—-“Based on historical data, it is estimated that there are around 2500 sacred natural sites in Estonia, the largest of them covering up to 100 hectares. Although rather exceptional among most of the technologically developed countries, in Estonia both the sacred natural sites and indigenous customs connected to them are still in use. Therefore, the heritage that is connected to sacred natural sites has great importance to the national identity and environment of Estonians.

In collaboration between followers of Estonian native religion (Maausk) and governmental ministries, a national plan was prepared in 2008: “Sacred Natural Sites in Estonia: Study and Conservation 2008–2012″ which includes about 550 hiis (sacred groves). The National Plan on Sacred Natural Sites consists of a historical overview about sacred natural sites in Estonia, a current situation analysis, and several concrete conservation measures and instructions on how to apply them. The coordinating steering committee of the Conservation Plan consist of Environment, Agriculture, Internal Affairs and Education and Research ministries, National Heritage Board and MK. The University of Tartu is the implementing agency. Measures of the Conservation Plan are designed to handle natural sanctuaries and values connected to them in all aspects.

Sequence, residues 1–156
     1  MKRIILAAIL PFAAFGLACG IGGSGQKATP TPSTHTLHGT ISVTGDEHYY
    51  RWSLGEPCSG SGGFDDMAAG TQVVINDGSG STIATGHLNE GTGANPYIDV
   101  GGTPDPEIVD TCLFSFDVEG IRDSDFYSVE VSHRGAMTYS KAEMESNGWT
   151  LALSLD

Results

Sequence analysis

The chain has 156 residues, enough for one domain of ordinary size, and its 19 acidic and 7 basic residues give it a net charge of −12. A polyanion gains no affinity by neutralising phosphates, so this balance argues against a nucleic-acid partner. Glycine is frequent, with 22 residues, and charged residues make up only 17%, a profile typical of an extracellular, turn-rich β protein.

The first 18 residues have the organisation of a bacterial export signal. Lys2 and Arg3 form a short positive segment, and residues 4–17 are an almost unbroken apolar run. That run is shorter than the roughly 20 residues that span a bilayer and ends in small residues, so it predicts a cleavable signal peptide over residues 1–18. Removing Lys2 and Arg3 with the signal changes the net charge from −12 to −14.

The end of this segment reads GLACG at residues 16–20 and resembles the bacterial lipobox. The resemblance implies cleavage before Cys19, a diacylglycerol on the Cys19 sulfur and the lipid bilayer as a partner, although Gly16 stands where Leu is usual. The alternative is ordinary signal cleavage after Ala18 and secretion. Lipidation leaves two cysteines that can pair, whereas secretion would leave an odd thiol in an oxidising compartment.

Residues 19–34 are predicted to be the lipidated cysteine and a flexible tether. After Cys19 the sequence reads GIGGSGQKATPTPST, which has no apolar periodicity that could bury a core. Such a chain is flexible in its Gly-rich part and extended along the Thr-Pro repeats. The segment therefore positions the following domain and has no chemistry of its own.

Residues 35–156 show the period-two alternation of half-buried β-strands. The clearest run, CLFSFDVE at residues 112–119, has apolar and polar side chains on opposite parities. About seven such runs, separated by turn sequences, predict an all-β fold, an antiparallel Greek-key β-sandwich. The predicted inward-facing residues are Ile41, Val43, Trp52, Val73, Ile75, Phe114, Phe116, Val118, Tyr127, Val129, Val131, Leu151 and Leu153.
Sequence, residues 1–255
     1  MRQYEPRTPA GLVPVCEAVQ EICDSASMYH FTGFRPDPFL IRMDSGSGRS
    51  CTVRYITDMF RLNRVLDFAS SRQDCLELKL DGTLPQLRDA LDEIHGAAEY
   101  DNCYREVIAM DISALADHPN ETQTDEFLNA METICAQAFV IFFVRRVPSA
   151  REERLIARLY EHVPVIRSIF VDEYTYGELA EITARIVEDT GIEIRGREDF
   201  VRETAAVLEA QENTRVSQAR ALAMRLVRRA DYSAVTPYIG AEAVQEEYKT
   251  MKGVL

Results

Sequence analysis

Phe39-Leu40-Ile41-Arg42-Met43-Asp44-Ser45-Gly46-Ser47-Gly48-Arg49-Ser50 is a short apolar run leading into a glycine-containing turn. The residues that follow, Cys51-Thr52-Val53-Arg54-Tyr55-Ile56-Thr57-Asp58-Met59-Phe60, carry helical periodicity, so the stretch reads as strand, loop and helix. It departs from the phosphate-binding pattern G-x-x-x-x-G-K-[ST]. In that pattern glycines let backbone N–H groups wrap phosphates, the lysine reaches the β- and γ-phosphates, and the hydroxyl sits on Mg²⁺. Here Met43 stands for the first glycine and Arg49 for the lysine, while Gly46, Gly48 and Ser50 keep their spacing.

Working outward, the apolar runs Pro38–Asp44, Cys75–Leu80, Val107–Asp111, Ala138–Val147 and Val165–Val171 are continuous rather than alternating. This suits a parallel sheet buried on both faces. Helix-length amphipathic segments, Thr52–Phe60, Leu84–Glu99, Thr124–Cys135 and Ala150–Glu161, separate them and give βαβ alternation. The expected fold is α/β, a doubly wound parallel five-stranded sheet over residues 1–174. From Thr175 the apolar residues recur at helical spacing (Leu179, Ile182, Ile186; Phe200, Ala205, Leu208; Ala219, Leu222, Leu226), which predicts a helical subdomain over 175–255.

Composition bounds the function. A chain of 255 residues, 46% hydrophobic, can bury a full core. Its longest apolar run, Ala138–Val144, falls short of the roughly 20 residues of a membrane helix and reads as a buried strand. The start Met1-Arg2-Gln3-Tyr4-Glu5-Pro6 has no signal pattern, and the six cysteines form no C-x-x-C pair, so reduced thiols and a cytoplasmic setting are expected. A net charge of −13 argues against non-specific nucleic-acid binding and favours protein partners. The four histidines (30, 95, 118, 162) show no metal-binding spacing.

The Conservation Plan foresees creating a database which supports researching and managing natural sanctuaries. The database would consist of folkloric, archaeological, natural, historical and other data on sacred natural sites and provide information on the exact location, condition and form of ownership of each site.[13]”—-